Chinese streaming platforms censor lesbian plotline in TV show ‘Friends’

Multiple scenes featuring a lesbian romance were either deleted or omitted in translation

After Chinese streaming platforms censored an LGBTQ2S+ storyline from the popular American TV show Friends, fans are speaking out on social media. 

Major streaming platforms in China—including iQiyi, Tencent Video, Youku and Bilibili—began streaming the first season of the long-running sitcom on Feb. 11, but with several changes made to episodes. Multiple scenes regarding Ross’ ex-wife, Carol Willick, being a lesbian were either deleted or omitted in the translated version, according to South China Morning Post. Another scene where Chandler and Joey kiss on a New Year’s Eve episode was also cut. 

Additionally, sex-related references throughout the 24-episode first season were edited out in Chinese subtitles. In one scene, Ross talks about women having “multiple orgasms,” but on Chinese streaming platforms, the subtitles for that line read, “Women have endless gossips.” (The English subtitles for the line bear the correct translation.)

In another instance, Joey recommends that Ross go to a strip club after his wife leaves him, which was translated to “go out and have fun.”

The 10-season show centres around Rachel Green (Jennifer Aniston), Monica Geller (Courteney Cox), Phoebe Buffay (Lisa Kudrow), Joey Tribbiani (Matt LeBlanc), Chandler Bing (Matthew Perry) and Ross Geller (David Schwimmer), six friends living in Manhattan. Friends, which aired from 1994-2004, gained popularity in China as a way to learn English in the 1990s. 

Through bootleg digital copies and DVDs, the show provided a relatable depiction of modern urban life and gave Chinese viewers a glimpse of American culture, as the Washington Post reports. As a result, the comedy now has a mass following in the country, with thousands of dedicated Chinese fan clubs.

“In another instance, Joey recommends that Ross go to a strip club after his wife leaves him, which was translated to ‘go out and have fun.’”

Outraged fans took to social media site Weibo late last week to point out the censorship of the show on streaming platforms. The hashtag #FriendsCensored became the biggest trending topic on the microblogging platform on Feb. 11, with 54 million views. But it was removed the following day, with search results showing “this topic is not shown according to relevant laws and regulations,” according to CNN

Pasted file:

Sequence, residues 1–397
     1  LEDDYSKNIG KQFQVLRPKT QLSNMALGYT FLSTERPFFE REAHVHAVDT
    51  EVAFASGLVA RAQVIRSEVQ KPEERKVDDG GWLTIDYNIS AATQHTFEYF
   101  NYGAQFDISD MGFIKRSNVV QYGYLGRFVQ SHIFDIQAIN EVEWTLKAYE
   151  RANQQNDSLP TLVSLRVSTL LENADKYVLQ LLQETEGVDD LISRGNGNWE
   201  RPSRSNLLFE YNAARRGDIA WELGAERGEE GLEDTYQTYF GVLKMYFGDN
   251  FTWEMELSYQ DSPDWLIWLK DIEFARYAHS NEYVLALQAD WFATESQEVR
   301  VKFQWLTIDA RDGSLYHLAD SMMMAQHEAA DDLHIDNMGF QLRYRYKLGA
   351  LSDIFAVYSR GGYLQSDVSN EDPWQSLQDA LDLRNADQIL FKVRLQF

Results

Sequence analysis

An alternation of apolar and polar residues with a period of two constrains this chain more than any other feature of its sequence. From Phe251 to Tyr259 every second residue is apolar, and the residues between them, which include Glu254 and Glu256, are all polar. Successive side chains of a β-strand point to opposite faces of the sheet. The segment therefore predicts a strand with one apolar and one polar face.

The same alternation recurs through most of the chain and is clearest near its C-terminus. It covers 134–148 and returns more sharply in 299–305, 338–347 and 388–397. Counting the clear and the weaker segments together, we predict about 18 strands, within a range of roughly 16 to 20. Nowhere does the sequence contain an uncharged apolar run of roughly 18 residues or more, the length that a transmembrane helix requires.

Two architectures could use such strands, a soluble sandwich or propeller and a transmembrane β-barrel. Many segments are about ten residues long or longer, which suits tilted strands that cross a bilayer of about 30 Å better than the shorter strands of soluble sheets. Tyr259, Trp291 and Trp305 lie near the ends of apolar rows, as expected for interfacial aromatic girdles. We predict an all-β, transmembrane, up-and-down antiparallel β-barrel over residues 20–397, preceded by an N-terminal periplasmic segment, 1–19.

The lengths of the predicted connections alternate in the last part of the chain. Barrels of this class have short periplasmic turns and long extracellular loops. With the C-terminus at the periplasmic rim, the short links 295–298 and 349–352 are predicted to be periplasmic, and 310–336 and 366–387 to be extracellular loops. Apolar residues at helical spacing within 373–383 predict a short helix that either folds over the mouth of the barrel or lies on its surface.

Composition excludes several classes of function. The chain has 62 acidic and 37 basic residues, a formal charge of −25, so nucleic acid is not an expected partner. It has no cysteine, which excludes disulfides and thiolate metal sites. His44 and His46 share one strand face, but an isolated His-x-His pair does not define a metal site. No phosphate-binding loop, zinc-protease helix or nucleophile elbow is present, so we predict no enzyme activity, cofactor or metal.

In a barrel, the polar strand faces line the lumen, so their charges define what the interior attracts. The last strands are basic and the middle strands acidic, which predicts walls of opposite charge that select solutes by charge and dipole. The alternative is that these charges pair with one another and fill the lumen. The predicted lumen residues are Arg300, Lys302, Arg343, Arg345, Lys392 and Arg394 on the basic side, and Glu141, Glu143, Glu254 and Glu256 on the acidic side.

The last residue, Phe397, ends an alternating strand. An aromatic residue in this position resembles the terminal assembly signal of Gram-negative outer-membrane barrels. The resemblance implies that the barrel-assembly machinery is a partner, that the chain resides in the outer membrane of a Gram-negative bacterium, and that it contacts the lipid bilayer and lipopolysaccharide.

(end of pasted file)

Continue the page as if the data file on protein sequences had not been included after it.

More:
Friends is not the only show that has been censored by the Chinese government in recent years. With the Communist Party’s control of business, education, culture and religion, the federal authorities have increased restrictions on the media and entertainment industry. In 2016, the country issued new regulations that banned all depictions of gay people on television in an effort to crackdown on “vulgar, immoral and unhealthy content.” 

 

China’s censorship of LGBTQ+ content doesn’t only apply to television. In 2019, more than two minutes of footage was cut from the Freddie Mercury biopic, Bohemian Rhapsody, including scenes of two men kissing and the use of the word “gay.”

Last September, China banned so-called “effeminate” men from appearing on TV, urging broadcasters to “resolutely put an end to sissy men and other abnormal esthetics.” Fearful that Chinese pop stars have taken a cue from K-pop and Japanese musicians, authorities are reportedly encouraging more “masculine” representations of men. 

Earlier this month, the streaming platforms currently offering Friends announced they would release one season per week. Friends had been previously available uncensored on the streaming website Sohu Video, but rights to the show expired in 2018. 

Yvonne Marquez

Yvonne Marquez is an independent reporter based in Brooklyn. Her work has been featured in Texas Monthly, Texas ObserverAutostraddle, and Remezcla.

Read More About:
Culture, TV & Film, News, Censorship, Asia

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